There have been a lot of excuses for head-coaching failures over the years, but this one may take the cake. Hell, it may take the whole dessert cart.
In his first two seasons at Notre Dame, in 2005 and 2006 with Tyrone Willingham‘s recruits, the Irish won 19 games and appeared in a pair of BCS games. Weis bottomed out in 2007 at 3-9, then couldn’t recover from a 13-12 mark the next two seasons as he was fired by the Irish in November of 2009.
There were many reasons for Weis’ failure in South Bend, namely that he personified the Peter Principle: a talented offensive coordinator in way over his head as a head coach. That opinion was buttressed by his abject failure at Kansas (6-22 overall, 1-18 in Big 12 play).
Weis, though, sees his tenure underneath Touchdown Jesus differently. Much, much differently. From ArkansasOnline.com‘s account of Weis’ appearance at a Little Rock Touchdown Club event Tuesday:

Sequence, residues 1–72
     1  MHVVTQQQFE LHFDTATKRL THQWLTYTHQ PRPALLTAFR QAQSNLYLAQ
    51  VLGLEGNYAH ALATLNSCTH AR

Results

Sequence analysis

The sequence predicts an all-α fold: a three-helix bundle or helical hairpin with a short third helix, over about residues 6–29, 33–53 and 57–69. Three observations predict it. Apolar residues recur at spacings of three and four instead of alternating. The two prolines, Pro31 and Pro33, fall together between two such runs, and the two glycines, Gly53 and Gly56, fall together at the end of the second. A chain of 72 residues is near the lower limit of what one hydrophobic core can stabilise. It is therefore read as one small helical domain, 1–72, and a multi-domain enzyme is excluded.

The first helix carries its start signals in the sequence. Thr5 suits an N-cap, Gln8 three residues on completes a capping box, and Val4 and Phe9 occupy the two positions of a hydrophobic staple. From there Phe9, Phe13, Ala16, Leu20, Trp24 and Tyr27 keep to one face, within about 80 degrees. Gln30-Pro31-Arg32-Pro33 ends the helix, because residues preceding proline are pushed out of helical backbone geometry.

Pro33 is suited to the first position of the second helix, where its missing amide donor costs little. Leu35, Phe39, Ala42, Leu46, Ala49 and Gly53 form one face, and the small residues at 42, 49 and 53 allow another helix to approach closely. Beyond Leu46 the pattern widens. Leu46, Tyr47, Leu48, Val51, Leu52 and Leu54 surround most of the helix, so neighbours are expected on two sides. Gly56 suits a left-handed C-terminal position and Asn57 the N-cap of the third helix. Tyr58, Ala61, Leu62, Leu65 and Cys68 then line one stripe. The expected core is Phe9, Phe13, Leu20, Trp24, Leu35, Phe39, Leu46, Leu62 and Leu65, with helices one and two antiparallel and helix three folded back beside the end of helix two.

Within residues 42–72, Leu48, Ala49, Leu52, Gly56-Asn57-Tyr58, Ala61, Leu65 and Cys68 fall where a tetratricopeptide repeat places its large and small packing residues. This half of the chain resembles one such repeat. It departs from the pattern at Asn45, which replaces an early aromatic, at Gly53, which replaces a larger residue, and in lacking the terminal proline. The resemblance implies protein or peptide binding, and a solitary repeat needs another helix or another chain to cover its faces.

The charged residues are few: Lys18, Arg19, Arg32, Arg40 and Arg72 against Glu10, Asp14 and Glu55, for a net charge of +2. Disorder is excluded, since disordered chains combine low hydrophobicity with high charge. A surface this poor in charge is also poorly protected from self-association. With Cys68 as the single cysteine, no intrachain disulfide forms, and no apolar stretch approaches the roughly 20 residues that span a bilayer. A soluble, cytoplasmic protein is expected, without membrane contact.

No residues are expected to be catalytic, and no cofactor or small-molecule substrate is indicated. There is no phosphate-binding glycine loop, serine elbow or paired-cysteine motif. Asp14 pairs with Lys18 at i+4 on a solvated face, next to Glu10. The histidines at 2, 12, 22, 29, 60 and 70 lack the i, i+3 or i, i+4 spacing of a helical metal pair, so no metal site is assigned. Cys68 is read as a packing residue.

Weis said his struggles at Notre Dame could be traced to the composition of his coaching staff. Three of his assistants — Michael Haywood (Miami, Ohio), Rob Ianello (Akron) and Brian Polian (Nevada) — eventually left to run their own programs.
“I hired too many people that wanted to use the school as a stepping-stone for a head coaching job,” Weis said.
What the what? Ianello didn’t land his first head-coaching job until taking over Akron shortly after Weis was fired by Notre Dame. Polian was with Weis until the firing and didn’t become the head coach at Nevada until 2013. Only Haywood actually left Weis’ staff for a head-coaching job, and even that departure came in December of 20008, after Weis’ fourth season with the Irish.
So, again, how exactly did a trio of “overly-ambitious” assistants torpedo his tenure? The only thing lamer than Weis’ 41-49 record as a head coach is his throwing those assistants under the bus and refusing to accept his own failures as the leader of a football program.